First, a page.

Twitter announced before the event that it would use a hybrid model to pick from among the more than 60,000questions Twitter users had lobbed at the president using the #AskObama hash tag, with an outside company weighing questions based on how many times they were re-Tweeted and a panel of "curators" analyzing economic questions for relevance.

Dorsey stressed before the event that not only did the president not know which questions would be asked in advance, but he didn't either.

The model was evidently something less than fully democratic. An analysis just before the town hall began found that the most re-Tweeted question was about whether marijuana should be legalized to take pressure off U.S. courts and prisons and to raise tax revenue.

That topic made its way into the actual town hall only during the last 15 minutes, though, in a "response" Tweeted during the event itself.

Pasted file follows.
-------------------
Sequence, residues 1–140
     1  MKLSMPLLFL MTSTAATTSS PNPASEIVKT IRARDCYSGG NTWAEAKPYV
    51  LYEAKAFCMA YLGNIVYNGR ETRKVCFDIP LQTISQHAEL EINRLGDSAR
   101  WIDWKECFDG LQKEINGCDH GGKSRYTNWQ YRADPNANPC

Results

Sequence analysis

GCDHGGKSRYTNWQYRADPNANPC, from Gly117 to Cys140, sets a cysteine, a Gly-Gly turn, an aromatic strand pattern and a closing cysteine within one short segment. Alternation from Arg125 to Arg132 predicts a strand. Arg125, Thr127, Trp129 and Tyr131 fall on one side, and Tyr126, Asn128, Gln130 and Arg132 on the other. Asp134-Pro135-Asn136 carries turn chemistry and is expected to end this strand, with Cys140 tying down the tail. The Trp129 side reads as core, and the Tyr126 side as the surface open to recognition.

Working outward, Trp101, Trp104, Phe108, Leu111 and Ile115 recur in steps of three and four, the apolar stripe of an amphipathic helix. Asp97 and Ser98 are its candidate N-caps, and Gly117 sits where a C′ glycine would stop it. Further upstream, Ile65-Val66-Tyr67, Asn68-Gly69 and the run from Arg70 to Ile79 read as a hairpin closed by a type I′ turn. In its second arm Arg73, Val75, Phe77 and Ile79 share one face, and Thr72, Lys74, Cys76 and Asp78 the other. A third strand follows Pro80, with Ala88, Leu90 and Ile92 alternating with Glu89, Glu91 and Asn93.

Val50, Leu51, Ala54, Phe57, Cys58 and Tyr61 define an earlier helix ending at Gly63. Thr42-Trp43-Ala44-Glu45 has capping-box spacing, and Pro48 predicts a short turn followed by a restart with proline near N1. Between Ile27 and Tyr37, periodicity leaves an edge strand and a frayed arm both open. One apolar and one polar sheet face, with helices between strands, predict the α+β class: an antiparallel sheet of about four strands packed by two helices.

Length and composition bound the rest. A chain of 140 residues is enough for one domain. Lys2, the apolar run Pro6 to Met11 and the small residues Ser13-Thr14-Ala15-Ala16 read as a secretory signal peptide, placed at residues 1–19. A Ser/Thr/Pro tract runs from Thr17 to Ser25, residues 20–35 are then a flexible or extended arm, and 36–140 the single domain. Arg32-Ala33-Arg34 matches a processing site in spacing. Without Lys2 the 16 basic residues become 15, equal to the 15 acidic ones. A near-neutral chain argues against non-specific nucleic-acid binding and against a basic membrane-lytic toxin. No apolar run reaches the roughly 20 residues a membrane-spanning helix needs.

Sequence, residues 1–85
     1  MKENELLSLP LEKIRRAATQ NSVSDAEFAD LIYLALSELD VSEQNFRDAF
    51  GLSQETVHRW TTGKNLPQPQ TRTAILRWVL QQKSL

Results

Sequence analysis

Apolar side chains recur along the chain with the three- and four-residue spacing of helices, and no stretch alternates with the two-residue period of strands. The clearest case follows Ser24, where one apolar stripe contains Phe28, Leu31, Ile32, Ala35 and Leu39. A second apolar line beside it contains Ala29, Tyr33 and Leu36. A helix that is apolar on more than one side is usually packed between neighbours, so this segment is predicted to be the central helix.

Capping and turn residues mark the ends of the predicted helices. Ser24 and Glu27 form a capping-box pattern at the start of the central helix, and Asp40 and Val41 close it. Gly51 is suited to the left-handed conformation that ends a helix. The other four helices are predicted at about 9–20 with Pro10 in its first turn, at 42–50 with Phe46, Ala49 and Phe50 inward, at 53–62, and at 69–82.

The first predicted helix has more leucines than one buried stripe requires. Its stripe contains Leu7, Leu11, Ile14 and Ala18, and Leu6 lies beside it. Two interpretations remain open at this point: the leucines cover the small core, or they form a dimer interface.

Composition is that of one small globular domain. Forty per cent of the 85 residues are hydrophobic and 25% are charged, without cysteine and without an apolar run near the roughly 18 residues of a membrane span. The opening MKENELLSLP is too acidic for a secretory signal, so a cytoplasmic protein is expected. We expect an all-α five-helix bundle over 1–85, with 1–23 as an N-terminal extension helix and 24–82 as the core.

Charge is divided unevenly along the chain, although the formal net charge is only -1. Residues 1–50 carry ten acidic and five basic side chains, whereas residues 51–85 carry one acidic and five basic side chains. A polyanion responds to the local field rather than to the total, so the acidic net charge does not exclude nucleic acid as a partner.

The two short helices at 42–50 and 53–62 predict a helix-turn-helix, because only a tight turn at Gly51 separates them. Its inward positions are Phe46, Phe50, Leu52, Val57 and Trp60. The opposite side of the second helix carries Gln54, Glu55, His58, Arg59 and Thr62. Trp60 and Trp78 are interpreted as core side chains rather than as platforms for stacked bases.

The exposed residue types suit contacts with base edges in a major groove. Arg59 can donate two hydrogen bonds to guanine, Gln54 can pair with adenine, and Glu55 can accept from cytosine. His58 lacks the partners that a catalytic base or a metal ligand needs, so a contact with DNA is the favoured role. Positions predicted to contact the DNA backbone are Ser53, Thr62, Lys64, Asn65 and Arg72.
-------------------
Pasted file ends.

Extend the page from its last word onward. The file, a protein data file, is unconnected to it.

That Tweet listed legalizing marijuana at the top of a short list of proposed reforms. Obama answered the question with a few short sentences stressing prevention and treatment.

Questions from public figures also evidently got more weight.

The fewer than two-dozen questions asked during the 75-minute town hall included one question Tweeted by House Speaker John Boehner, R-Ohio, demanding to know why the president hadn't created more jobs. It included another from New York Times columnist Nicholas Kristof asking why Obama hadn't insisted on a debt ceiling deal with Republicans at the same time he'd agreed to extend the Bush-era tax cuts for two years.